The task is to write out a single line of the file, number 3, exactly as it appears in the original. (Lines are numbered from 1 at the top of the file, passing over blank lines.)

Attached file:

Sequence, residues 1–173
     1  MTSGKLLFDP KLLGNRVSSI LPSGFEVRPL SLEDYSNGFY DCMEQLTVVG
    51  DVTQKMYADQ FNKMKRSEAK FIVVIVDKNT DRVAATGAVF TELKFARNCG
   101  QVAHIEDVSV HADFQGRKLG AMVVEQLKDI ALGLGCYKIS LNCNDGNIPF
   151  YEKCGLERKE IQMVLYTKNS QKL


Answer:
    51  DVTQKMYADQ FNKMKRSEAK FIVVIVDKNT DRVAATGAVF TELKFARNCG